“Keep all your
passions in play.” I made a name for myself writing books. Ask most of the
people who know me, and that’s what they know me for. But music was always my
first love. My original healer. My earliest container for mystery and meaning. Since
the age of twelve, writing songs was how I metabolized my life. It was the
closest thing to god I ever had. The problem is, once I started writing books
for a living, I became so busy with the profession of writing that I lost
contact with the passion of writing. At the peak of my career, I was only
composing a few songs a year. Not exactly prolific. Eventually, I reached a
point where I had built up too large of a debt to my artist. And I knew if I didn’t find a way to reconnect to the joy that made me a musician in the
first place, I was going to regret it. Right around the same time, I went through a pretty messy breakup.
Which, as devastating as it was, conveniently inspired an entire album’s worth
of new songs. And it helped me realize what I was missing. And I vowed never to lose touch with something I loved so much ever again.
helped me become what I am.” When
I could have stubbornly avoided change until I absolutely had to initiate it,
you surprised me out of my routines. When
I could have rested in yesterday’s definition of myself, you encouraged me to
live larger than my labels. When I could have rested on the laurels of my perfectly ordered identity, you challenged me to become more than what I was known for. When
I could have held onto a version of my identity that was familiar and
comfortable, you ignited the parts of me that were not yet illuminated or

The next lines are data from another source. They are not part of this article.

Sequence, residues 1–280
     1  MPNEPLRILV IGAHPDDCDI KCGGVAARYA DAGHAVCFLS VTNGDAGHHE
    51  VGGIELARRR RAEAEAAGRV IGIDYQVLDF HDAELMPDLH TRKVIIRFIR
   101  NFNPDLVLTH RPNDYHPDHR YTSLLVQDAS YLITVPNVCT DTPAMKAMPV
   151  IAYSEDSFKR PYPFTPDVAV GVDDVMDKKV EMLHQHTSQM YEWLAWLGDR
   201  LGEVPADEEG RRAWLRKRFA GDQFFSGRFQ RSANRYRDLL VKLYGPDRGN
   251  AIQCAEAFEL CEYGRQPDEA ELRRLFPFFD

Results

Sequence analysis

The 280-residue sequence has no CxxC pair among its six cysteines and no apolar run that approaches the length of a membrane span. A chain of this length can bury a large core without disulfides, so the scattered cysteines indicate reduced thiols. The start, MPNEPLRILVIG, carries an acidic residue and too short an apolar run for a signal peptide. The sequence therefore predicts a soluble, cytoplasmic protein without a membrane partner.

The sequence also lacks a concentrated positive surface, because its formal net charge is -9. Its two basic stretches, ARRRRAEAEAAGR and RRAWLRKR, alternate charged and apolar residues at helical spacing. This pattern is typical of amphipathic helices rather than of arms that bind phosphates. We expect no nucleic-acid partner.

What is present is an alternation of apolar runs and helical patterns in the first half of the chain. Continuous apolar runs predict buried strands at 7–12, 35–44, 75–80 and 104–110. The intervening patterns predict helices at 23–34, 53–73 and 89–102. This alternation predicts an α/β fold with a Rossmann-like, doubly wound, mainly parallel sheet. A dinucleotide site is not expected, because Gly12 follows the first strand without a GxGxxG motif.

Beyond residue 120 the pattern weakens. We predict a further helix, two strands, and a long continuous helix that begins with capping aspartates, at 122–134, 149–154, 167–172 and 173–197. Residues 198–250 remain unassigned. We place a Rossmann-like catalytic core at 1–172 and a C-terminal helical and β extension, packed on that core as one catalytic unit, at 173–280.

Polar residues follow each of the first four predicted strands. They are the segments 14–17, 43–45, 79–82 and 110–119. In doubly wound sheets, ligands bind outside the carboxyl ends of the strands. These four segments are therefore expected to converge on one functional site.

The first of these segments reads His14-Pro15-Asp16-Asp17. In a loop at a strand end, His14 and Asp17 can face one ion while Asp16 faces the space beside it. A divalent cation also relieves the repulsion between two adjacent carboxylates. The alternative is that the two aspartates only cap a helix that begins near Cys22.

seen. And when
I could have let the third act drag on for an extra forty minutes, you helped me feel
complete about this part of my journey. Aquarius may be a fixed sign, but thanks to you, I’ve never felt more mutable. For entertainment purposes only, my ass.
“I was a man of jagged
risings, my life was alarmless.” Identity fascinates me. Who we are, how we work, why we do what we do, these are the
elements of the human operating system I find interesting. People’s engines and
values and passions and horizons. Personal branding, on the other hand, frustrates me. It’s too limited,
assuming we’re all supposed to be one thing in life. It’s too compartmentalized, shutting off the meaningful parts of our personalities that aren’t related to work. And it’s inadequate,
measuring only a fraction of our whole person. But the other danger is, people love to keep us in our lane. And if we stay there too long, our personal brand can become a false self we can no longer comfortably inhabit. So identity, not branding, is the better word to focus on. Identity is enough to hold everything we are. In fact, it comes from the Latinidentidem, which means “over
and over.” Because it’s all about the person we are, over and over. The person we were meant to be. Not the person we think will help our career the most.
“For me there is no vacation, if my eyes are open, I’m working.” Once upon a time, I read books just to read books. But when I became an author, reading turned into work. If a book was open, I wasn’t just reading the words, I was trying to figure out the architecture and opportunities around them, every second of my existence asking myself, can I do something with that? Kind of exhausting. Like learning how to play the drums and never being able to listen to music the same way again. But as a writer, I suppose that’s my life sentence. No pun intended. It’s just hard for my brain to resist snapping into work mode when confronted with beautiful language. And accept that about myself. Meanwhile, I started reading a lot more fiction. Books that transported me to another place where I didn’t have to work. I could just relax and let the words wash over me. And by doing so daily, it creates a space where I don’t feel obligated to do anything other than just soak it all in. Thanks for the inspiration, Greg.